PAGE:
Abstract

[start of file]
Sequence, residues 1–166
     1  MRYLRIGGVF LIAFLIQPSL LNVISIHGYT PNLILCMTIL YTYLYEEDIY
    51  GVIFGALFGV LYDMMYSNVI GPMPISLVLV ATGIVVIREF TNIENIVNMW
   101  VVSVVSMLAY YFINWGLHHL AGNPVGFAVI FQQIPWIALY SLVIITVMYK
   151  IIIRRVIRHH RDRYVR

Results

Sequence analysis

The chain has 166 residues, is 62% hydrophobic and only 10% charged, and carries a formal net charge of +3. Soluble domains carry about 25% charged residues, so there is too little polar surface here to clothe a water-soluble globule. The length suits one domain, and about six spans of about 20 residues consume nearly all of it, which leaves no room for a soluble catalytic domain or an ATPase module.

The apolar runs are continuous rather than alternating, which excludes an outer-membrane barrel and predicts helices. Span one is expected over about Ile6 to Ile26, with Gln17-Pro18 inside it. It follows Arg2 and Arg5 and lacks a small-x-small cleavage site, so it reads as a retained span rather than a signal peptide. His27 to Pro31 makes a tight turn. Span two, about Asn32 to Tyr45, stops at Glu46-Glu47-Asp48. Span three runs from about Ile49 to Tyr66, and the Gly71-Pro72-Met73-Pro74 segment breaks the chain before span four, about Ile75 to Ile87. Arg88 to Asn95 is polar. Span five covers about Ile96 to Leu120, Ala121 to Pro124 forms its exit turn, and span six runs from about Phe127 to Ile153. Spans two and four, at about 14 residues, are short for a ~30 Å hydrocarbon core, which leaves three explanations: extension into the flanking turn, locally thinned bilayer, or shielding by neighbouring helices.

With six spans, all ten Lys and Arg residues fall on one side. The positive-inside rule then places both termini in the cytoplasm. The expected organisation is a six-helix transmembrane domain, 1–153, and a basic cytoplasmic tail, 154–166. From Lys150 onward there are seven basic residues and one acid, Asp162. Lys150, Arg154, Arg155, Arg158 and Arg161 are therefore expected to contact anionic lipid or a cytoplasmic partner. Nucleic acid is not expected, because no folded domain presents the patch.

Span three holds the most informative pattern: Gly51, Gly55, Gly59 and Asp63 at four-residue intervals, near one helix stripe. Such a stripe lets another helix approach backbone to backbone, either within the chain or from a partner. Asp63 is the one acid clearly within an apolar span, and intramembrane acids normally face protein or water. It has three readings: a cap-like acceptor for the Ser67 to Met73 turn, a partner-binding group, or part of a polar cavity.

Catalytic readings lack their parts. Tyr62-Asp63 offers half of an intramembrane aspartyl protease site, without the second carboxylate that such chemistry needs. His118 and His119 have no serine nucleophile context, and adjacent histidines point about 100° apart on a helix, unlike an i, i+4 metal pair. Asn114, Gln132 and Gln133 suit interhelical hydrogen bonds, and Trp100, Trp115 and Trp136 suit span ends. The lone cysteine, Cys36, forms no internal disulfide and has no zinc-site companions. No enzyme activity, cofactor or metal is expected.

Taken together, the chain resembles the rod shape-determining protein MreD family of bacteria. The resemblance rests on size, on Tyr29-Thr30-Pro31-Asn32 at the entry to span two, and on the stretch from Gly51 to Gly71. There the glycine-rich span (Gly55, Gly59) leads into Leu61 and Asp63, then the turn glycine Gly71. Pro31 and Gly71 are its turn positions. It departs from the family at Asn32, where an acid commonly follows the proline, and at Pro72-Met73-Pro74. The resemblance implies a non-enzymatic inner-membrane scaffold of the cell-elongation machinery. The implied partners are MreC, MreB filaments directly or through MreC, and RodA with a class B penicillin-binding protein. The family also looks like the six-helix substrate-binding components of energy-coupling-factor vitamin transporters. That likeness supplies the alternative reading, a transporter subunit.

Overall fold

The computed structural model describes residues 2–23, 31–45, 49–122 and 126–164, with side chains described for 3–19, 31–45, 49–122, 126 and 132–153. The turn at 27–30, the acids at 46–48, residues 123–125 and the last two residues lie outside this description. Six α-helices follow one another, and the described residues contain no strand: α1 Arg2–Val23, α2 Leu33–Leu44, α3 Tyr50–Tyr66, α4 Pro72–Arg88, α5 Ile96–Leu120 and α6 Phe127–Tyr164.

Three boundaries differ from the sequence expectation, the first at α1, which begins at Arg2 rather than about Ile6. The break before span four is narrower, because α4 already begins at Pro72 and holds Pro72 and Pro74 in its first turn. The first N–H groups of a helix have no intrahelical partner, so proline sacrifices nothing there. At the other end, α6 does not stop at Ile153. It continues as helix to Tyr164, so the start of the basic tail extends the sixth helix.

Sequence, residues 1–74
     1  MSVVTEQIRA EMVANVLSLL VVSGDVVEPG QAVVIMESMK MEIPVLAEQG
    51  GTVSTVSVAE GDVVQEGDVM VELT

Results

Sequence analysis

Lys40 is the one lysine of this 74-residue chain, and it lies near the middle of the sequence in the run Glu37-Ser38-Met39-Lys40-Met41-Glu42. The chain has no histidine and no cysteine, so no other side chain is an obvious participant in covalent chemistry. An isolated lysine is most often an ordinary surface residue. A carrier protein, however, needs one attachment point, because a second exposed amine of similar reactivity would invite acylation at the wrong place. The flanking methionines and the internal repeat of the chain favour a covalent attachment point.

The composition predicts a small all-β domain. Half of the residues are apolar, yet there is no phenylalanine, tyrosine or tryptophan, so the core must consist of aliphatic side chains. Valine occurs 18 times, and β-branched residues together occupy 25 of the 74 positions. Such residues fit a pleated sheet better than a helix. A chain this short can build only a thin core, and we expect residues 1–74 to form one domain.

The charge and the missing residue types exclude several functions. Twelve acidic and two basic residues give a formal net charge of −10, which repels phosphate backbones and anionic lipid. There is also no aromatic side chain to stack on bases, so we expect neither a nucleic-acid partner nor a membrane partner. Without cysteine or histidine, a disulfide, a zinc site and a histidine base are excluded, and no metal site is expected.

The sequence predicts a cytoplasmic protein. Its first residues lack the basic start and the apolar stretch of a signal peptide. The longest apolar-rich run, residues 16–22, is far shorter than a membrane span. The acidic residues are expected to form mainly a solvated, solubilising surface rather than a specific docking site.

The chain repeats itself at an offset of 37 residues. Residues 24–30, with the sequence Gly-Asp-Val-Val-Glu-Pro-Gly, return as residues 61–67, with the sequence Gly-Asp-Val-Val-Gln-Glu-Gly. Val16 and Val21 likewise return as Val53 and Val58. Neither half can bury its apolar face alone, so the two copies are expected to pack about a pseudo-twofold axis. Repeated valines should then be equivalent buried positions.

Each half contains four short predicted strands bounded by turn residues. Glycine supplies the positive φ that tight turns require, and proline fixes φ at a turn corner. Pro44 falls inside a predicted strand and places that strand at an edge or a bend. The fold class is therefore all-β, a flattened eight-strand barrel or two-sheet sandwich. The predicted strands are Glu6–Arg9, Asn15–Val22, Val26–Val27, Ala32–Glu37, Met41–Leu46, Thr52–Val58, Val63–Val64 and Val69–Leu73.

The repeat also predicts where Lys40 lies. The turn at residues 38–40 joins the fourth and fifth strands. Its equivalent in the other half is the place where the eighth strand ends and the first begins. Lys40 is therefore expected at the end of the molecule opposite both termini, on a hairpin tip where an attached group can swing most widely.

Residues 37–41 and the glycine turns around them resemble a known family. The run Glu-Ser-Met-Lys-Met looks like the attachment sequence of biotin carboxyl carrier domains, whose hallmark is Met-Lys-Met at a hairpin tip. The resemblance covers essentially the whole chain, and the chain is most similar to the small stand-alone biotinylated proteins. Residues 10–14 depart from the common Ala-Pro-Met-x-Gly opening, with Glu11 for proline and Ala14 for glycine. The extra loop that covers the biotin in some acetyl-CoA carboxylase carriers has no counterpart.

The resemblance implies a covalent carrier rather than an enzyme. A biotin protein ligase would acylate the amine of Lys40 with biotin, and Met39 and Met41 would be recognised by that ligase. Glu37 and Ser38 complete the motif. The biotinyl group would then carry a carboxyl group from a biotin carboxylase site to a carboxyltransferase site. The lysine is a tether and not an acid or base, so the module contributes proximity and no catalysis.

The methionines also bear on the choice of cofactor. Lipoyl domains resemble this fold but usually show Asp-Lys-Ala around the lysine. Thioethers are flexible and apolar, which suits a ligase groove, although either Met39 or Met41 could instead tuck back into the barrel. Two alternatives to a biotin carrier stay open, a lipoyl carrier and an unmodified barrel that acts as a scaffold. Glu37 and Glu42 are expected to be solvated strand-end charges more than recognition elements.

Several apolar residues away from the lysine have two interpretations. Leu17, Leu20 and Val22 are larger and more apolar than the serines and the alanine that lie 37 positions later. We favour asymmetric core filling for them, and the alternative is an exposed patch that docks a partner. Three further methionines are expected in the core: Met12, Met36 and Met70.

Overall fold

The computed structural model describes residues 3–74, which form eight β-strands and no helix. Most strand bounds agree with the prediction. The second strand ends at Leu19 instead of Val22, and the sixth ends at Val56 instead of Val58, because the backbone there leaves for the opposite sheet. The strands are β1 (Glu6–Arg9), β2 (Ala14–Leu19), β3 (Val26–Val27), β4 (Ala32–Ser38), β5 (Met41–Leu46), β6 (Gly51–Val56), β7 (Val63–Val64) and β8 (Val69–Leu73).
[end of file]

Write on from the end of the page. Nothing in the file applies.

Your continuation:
Despite some scholarly criticism, Seamus Heaney's now-famous translation of Beowulf (1999) has not only left an impact on the Anglophone world, where it has sparked other translations and adaptations, but also on the world at large. Thanks to Heaney's liberating, postcolonial example, Nazmi Ağıl, the author of the first complete translation of Beowulf into Turkish (2013), is able to comprehend the original as a composite of multiple temporalities and render it in a way that takes advantage of his own etymologically stratified (pre-Ottoman Turkic, Ottoman, and modern Turkish), syntactically flexible (synthetic rather than analytic), and phraseologically rich target language (expressions involving heads).

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